Review: Oscar Nominated Animated Shorts Make the Most of a Creative Medium, from the Humorous to the Heartfelt

Making any film is no small task; it can take years from start to finish. Making an animated film only complicates matters, and it's a small miracle anytime the likes of Pixar or Laika release one of their masterpieces. In this year's Animated Short Film Oscar nominees line-up, five films prove that even making short-subject films in this artful approach can be quite an undertaking—and also quite beautiful. From claymation to mixed-media, from the experimental and personal to the wholesome and universal, the nominees offer a glimpse into the wide-ranging capabilities of animation—as well as the value of a great title.

An Ostrich Told Me the World is Fake and I Think I Believe Him is the claymation existential workplace comedy we didn't know we needed. Written and directed by Lachlan Pendragon, this 11-minute gem centers on Neil (voiced by Pendragon), a toaster salesman working in a drab cubicle for a boss who's out-of-touch. When a talking ostrich appears at the office (as one does) disclosing the secrets of the universe, Neil's life is turned upside down. The short film is meta and self-aware, its comedy delivered with a deadpan wit that makes it all the more desperate and hilarious. Neil's journey into actualization doesn't exactly go according to plan, but no matter, it's the trying that matters in this cheeky and sharp nominee.

In Ice Merchants, filmmaker João Gonzalez uses sparse sketches and a flexibility with perspective to bring audiences to the top of a steep cliff, the small village below and the vast and open air in between. Father and son live in a house inexplicably mounted to the side of a mountain, parachuting down to the village every day to sell their ice. It's a dreamy and calm journey, and the two live out a quiet, if precipitous, routine. It's when forces greater than themselves threaten their livelihood and home that the film finds a conflict anyone will recognize, and soon the journey down to the village is far more stressful. With lush ink strokes and a limited color palette, Ice Merchants says quite a lot without ever saying anything at all.

When it was announced during the nominations broadcast last month, My Year of Dicks received audible chuckles from those in attendance, and neither Allison Williams nor Riz Ahmed could keep a straight face. Based on Pamela Ribon's memoir and directed by Sara Gunnarsdóttir, the 25-minute film revisits Pam's attempts to lose her virginity one formative year in her teens, through five animated vignettes that vary in style and vibe. While the film at times feels like a film school student's thesis project trying to show off all the influences of a budding cinefile, it's nevertheless an unflinchingly entertaining examination of young female sexuality—the scene where Pam's father sits her down for the "sex talk" is particularly poignant in that cringe-worthy, crawl-out-of-your-skin kind of way.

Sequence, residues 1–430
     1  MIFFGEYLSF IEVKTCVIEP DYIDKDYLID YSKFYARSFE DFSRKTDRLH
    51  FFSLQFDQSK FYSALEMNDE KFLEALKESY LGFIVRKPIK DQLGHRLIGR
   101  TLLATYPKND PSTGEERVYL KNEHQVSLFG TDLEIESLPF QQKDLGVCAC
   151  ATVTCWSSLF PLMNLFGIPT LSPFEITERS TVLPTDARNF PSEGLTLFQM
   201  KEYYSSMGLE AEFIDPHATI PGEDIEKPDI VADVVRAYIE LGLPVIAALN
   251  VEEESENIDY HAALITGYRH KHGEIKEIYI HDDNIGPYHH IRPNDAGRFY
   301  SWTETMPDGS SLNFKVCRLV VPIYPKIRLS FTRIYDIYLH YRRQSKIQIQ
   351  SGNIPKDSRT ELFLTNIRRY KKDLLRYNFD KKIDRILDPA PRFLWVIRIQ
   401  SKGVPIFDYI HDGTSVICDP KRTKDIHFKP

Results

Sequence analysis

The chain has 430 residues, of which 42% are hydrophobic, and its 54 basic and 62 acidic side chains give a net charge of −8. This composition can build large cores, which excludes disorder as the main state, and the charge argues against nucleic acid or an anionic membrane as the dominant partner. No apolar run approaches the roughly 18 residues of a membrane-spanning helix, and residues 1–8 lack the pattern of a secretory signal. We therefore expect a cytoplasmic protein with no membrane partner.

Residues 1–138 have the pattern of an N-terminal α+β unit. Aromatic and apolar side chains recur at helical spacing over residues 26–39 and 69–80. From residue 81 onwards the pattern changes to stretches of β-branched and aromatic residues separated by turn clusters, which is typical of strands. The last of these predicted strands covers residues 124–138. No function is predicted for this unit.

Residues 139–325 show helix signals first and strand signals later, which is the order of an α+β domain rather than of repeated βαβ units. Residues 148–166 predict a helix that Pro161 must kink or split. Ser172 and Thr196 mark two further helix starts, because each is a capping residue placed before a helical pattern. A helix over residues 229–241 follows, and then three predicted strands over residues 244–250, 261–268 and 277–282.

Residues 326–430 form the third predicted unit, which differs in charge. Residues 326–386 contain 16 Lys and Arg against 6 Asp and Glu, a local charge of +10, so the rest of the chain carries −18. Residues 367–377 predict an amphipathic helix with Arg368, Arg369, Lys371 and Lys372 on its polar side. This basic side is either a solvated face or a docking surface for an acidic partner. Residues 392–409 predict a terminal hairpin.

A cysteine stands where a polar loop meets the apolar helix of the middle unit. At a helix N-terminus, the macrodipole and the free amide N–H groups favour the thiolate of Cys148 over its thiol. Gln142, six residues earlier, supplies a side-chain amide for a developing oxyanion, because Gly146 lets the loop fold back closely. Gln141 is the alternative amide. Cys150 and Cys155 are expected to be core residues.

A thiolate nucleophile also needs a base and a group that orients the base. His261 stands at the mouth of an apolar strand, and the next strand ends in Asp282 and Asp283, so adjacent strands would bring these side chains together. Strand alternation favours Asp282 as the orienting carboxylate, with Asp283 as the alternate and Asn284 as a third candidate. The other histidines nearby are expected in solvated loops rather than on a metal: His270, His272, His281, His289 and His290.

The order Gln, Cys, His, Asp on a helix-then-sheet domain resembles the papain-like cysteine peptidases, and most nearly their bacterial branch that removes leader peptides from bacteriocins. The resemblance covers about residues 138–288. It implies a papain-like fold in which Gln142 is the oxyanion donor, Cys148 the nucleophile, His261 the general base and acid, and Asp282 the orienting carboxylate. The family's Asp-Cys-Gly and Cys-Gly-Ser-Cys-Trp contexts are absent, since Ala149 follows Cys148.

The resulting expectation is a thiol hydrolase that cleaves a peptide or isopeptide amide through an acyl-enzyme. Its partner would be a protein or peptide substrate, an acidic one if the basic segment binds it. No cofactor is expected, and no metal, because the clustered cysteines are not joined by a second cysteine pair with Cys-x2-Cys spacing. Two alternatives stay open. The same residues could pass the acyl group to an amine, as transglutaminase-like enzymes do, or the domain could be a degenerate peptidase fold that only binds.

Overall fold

Based on a bestselling illustrated children's book of the same name, The Boy, The Mole, The Fox and The Horse is the year's most heartfelt nominated submission, and it certainly pulls no punches in going straight for the heartstrings. Author Charlie Mackesy co-directs the adaptation of his book with Peter Baynton, featuring the voice talents of Gabriel Byrne (the Horse), Idris Elba (the Fox) and Tom Hiddleston (the Mole); these three forest creatures become companions to a young boy (Jude Coward Nicoll) who's lost his way and is trying to find home. Nearly every other line of dialogue is a life-affirming idiom, as these four gentle creatures navigate a harsh winter's night, and a cynic might say that's reason enough to tune this one out. But we could all use a reminder of our own fragile humanity now and then, and how essential each of us is in this world. Coupled with the film's gentle animation and soft-spoken dialogue, The Boy, The a beautiful, if quite simple, rumination on life, love and human connection.

At just seven minutes long, The Flying Sailor is the program's shortest short film, and it takes a more abstract approach to exploring the meaning of life. Based on an incredible true story and written and directed by Amanda Forbis and Wendy Tilby, this abstract animated offering considers the story of a sailor sent literally flying through the air following an explosion caused by the collision of two warships in 1917 Halifax, Nova Scotia. Though the real experience must have been traumatizing, the film imagines the journey of the man who flew 2 kilometers as something more spiritual and undefined. He sees his life flash before his eyes, he sees nature come and go, he sees the universe and all its secrets. There are certain stories that can't be told well in any medium besides animation, and The Flying Sailor is absolutely one of them.

The Animated Oscar Nominated Short Films are now playing in select theaters, including the Music Box Theatre.

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Lisa Trifone